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October 9th, 2008 at 12:05 pm

Psalm 119:8 – Do Not Forsake Me!

Today we finish the “Aleph” stanza of the acrostic Psalm 119. Each stanza has eight verses. We think that the use of the number eight corresponds to the eight words used over and over for God’s word in Psalm 119.

Verse eight says simply…

“I will keep your statutes; do not utterly forsake me!”

As before we kind of need to see this verse in the flow of the stanza:

1. Blessed are those whose way is blameless, who walk in the law of the Lord!
2. Blessed are those who keep his testimonies, who seek him with their whole heart,
3. who also do no wrong, but walk in his ways!
4. You have commanded your precepts to be kept diligently.
5. Oh that my ways may be steadfast in keeping your statutes!
6. Then I shall not be put to shame, having my eyes fixed on all your commandments.
7. I will praise you with an upright heart, when I learn your righteous rules.
8. I will keep your statutes; do not utterly forsake me!

Verse eight uses the word “statutes” for God’s revealed will. The word “statutes” carries the idea of something engraved or inscribed, set down in stone if you will. It speaks of the binding permanence of God’s word.

We find again the confident expression of personal intent side by side with a deep fear of failure. The Psalmist knows the way of Life. He knows that the man is blessed who walks in the law of the Lord. But he also knows himself. He knows his heart’s intent and desire, and he knows his heart’s weakness and waywardness.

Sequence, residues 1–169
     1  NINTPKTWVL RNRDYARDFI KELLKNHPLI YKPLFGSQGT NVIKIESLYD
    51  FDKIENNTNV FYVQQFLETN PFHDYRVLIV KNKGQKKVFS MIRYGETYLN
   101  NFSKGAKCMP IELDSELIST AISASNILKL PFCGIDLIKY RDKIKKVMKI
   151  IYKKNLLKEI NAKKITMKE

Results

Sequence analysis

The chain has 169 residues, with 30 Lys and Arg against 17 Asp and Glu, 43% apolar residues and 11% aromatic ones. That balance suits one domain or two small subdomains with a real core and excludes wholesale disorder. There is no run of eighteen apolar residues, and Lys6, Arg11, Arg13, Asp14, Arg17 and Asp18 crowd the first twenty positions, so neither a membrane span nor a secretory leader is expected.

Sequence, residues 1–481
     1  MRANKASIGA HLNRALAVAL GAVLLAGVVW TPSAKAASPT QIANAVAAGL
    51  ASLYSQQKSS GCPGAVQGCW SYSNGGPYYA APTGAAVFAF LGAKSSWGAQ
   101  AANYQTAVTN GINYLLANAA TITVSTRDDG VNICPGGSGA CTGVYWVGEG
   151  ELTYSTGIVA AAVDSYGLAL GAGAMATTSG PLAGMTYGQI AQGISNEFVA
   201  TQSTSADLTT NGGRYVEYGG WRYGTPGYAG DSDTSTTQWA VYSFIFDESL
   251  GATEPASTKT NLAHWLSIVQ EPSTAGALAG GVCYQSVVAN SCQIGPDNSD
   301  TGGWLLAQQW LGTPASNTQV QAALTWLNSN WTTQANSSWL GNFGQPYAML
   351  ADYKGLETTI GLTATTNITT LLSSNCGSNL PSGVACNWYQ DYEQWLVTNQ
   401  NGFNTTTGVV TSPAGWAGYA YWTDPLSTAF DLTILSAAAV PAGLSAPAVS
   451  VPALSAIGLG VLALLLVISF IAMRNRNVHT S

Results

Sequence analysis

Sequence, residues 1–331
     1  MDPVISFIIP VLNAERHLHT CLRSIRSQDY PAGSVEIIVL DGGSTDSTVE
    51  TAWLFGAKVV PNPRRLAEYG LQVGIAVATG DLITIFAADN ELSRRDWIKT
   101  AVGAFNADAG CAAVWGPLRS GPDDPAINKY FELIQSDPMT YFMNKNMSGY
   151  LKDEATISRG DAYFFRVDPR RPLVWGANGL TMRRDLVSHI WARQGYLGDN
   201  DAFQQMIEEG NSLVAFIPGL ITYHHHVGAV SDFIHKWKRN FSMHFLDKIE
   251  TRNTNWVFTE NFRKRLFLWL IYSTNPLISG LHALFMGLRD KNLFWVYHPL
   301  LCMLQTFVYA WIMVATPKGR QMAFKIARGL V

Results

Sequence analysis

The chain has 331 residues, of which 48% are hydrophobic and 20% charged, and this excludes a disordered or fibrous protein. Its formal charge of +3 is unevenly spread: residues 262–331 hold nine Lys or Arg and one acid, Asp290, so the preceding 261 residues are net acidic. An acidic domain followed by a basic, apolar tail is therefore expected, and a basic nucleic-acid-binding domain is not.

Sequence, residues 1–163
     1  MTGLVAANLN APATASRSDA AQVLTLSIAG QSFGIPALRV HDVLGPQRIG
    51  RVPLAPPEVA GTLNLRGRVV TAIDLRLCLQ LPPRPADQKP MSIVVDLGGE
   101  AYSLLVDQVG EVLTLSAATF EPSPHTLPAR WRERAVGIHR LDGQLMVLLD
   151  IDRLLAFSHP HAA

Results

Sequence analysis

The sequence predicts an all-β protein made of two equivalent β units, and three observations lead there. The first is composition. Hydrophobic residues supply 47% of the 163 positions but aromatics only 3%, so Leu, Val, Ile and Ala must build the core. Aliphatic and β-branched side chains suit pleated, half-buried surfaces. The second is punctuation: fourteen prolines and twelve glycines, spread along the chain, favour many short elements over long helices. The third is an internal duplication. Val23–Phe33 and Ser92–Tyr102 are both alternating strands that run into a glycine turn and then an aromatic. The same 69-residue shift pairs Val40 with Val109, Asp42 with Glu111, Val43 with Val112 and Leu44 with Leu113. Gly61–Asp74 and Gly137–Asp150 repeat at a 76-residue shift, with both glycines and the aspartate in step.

When one person forsakes another he writes him off, leaves him behind, disowns him, and refuses to help him. Our writer knows that unless God is there to hold him up and keep him on the straight path that he will fail. If God forsakes him in the journey into obedience to God, then there is no hope, and no hope of blessedness.

I so deeply appreciate the real-world nature of this Psalm. It speaks to me, yet it also speaks of me. It describes my life – what I am sure about and what I am not sure about, what I long for, along with my certain knowledge that I can never arrive there in my own strength. I deeply want to please God by obeying His word, yet, I completely depend on Him that I may be able to do so.

“Father in heaven, you are very great. May your kingdom come, may your will be done here and now, today, on earth, across the earth, and also in my heart, as your will is done in heaven. I look to you to meet my needs. I seek your forgiveness for all the ways I have not walked according to your word, and I ask for the mercy to extend forgiveness to others who have sinned against me, just as I have sinned against you. Lead me not into trials or temptations beyond what I can bear, and Father, protect me from the evil one who would have me rebel against you and your Word, and bring dishonor upon your name.”

The prayer that Jesus taught me to pray jives with the heart of the Psalmist in Psalm 119.

My Christian friend, only God can give to you the “want to.” Ask Him to every day. Ask Him to provide you with strength to obey His word. Ask Him not to leave you to your own devices. Ask Him not to abandon you. He has promised not to leave you or forsake you; claim the promise, don’t just assume it. Everyday find time to meditate upon God’s work, in the day or in the night, on work breaks, in the car, wherever you are. Flee to His word as food for your hungry and thirsty soul. There is not a thing in your life more important. Quit making excuses. Quit blowing off God. Seek him while He may be found. Today is the day of salvation. Today is the day of blessedness. Not tomorrow. Tomorrow may not even arrive.